The Philadelphia Orchestra said on Thursday that it will perform in Ulaanbaatar, Mongolia in June 2017, marking the latest effort by a Western orchestra to visit a far-flung destination in the name of cultural diplomacy.
Orchestra officials touted the five-day trip as a step forward in U.S. diplomatic relations with Mongolia. Brokered with the State Department and ambassadors from both countries, the tour is expected to include one traditional concert and several days of outreach activities, including a side-by-side concert with local musicians.
It shows the extent to which distant or once-isolated countries have sought a place on the world cultural stage by luring top orchestras to their concert halls. For the touring orchestras, ambitious trips raise questions about how easily they can navigate the political complexities that surround their visits and make an impact that goes beyond the photo-op.
The Philadelphia Orchestra, of course, was an early pioneer in this regard. In 1973, it traveled to Beijing, becoming the first American orchestra to appear the communist country. The visit helped to cement the United States’ efforts to re-establish a relationship with China under President Richard Nixon.
Some orchestras have made such trips with few adverse side-effects, garnering positive media attention and official good will. In 1998, Orpheus Chamber Orchestra performed before sold-out audiences at the newly refurbished Hanoi Opera House, becoming the first professional American orchestra to appear in Vietnam since the Vietnam War ended in 1975. The Philadelphia Orchestra followed Orpheus to Hanoi in 1999 as part of an Asian tour.
In 2008, the New York Philharmonic, led by Lorin Maazel, traveled to North Korea, appearing at the East Pyongyang National Theater with a program that included the national anthems of both the host country and the U.S. The trip was controversial: for every observer who saw it as an important effort at cultural bridge-building was another who felt the orchestra was lending credibility to the totalitarian leadership of the so-called hermit kingdom.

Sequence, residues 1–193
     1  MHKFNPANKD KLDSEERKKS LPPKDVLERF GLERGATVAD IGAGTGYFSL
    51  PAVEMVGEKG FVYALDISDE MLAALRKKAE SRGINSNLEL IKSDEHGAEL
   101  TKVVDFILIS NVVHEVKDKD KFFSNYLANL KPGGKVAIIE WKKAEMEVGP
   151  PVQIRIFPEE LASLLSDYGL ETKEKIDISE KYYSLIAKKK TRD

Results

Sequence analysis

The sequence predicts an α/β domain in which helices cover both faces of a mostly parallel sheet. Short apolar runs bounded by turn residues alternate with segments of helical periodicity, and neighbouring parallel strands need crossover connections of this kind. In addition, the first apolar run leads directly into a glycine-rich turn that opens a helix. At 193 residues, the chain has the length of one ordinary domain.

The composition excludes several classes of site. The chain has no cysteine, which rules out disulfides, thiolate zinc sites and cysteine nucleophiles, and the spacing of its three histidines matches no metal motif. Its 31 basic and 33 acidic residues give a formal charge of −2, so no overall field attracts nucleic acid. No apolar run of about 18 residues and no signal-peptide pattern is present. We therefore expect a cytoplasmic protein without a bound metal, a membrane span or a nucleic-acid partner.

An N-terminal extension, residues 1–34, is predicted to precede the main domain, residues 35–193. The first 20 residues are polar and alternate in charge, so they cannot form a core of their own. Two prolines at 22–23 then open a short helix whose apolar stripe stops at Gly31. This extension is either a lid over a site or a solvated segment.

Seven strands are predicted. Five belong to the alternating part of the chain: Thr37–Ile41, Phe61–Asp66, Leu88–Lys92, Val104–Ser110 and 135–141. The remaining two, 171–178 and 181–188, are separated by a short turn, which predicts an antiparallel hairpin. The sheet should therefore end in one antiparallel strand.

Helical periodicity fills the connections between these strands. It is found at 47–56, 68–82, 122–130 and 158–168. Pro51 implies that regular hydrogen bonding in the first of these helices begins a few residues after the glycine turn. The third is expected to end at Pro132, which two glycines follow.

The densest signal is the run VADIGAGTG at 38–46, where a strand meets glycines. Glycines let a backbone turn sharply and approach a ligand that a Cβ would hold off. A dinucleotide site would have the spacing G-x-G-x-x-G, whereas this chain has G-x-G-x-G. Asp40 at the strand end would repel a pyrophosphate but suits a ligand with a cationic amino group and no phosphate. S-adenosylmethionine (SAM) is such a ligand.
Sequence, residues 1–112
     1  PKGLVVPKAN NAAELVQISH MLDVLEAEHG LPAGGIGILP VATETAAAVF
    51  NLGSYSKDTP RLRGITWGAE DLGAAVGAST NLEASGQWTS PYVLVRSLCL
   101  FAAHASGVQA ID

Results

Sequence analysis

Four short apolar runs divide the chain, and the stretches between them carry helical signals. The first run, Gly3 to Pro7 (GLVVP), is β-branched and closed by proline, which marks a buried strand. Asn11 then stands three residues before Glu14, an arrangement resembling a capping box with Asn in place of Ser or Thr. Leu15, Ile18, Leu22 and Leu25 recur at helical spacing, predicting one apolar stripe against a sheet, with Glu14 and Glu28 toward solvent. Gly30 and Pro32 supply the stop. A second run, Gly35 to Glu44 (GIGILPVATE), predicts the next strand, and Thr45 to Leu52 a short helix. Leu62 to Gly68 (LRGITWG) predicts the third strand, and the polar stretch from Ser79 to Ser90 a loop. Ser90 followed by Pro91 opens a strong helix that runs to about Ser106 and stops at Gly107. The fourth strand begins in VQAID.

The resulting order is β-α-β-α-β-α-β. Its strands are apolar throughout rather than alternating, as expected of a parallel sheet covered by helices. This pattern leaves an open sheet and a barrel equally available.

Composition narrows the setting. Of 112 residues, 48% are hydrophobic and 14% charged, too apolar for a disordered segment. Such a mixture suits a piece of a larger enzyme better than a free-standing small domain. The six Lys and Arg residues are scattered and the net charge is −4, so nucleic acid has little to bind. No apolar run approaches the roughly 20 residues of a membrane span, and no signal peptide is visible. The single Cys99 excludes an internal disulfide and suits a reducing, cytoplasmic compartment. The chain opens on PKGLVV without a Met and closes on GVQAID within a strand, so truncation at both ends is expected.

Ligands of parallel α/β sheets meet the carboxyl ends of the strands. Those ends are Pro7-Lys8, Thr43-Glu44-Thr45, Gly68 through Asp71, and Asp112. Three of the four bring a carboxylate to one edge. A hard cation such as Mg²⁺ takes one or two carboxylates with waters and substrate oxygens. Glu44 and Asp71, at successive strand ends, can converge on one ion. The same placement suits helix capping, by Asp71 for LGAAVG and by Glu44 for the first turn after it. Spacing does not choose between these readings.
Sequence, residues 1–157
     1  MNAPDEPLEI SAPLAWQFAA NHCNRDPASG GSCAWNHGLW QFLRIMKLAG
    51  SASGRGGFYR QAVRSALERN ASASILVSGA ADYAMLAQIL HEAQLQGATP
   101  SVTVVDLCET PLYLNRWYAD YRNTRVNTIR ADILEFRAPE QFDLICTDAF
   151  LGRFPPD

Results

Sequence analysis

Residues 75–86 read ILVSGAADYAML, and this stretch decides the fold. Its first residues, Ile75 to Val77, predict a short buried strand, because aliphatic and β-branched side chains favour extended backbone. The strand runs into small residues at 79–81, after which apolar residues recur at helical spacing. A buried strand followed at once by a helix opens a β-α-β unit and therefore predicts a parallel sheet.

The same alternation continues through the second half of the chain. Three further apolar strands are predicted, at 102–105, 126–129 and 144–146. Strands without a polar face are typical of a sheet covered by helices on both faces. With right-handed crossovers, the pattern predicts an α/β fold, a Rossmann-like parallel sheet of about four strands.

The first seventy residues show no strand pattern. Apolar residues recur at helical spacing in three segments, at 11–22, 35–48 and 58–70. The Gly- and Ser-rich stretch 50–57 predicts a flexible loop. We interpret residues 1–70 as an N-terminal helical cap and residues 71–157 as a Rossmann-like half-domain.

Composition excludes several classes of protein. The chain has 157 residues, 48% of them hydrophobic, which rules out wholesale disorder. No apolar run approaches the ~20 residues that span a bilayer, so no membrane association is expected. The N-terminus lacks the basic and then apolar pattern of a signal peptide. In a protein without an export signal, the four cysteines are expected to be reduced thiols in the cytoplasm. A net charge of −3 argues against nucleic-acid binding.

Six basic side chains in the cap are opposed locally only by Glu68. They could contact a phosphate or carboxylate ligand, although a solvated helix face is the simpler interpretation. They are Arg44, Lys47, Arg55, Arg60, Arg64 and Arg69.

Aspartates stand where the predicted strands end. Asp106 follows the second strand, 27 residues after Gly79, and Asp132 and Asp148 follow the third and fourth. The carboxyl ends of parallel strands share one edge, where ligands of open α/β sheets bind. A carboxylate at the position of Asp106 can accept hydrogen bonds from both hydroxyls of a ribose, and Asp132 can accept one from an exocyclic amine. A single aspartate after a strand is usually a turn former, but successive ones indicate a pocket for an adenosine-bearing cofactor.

Complex trips are often tenuous from the start. In 2010, the New York Philharmonic made plans for a rare concert appearance in Tbilisi, Georgia, as part of a tour through Eastern and Central Europe. But the concert — which was brokered by the violinist Lisa Batiashvili and Georgia’s president Mikheil Saakashvili — was called off by Georgia’s government, reportedly due to budget problems. The cancellation occurred less than a month before the scheduled appearance.
The Pittsburgh Symphony Orchestra didn’t even get that far in 2014 when it explored a potential tour a tour to Iran. The PSO performed in Tehran a half-century ago and this was intended as a bridge-building effort in conjunction with the American Middle East Institute. But the orchestra later said it was putting off its plans, citing costs and logistics.
Of course, orchestral-style adventure tourism isn’t confined to American ensembles. The Royal Concertgebouw Orchestra played on six continents during its 125th anniversary season in 2013-14; more recently said it plans to play in all 28 EU member countries. Meanwhile, countries from Qatar to Malaysia have sought to put their own stamps on the classical music landscape, building elaborate concert halls and starting orchestras of their own.
On Thursday, Craig Hamilton, the Philadelphia Orchestra’s vice president of global initiatives, made an intriguing suggestion in an interview with the Philadelphia Inquirer: “We’ll be working with Mongolian throat-singers and dancers,” he said. Below, listen to a performance by Alash, one example of what that could sound like.
Photo: Ulaanbaatar, Mongolia’s opera and ballet theater (Flickr/frans16611)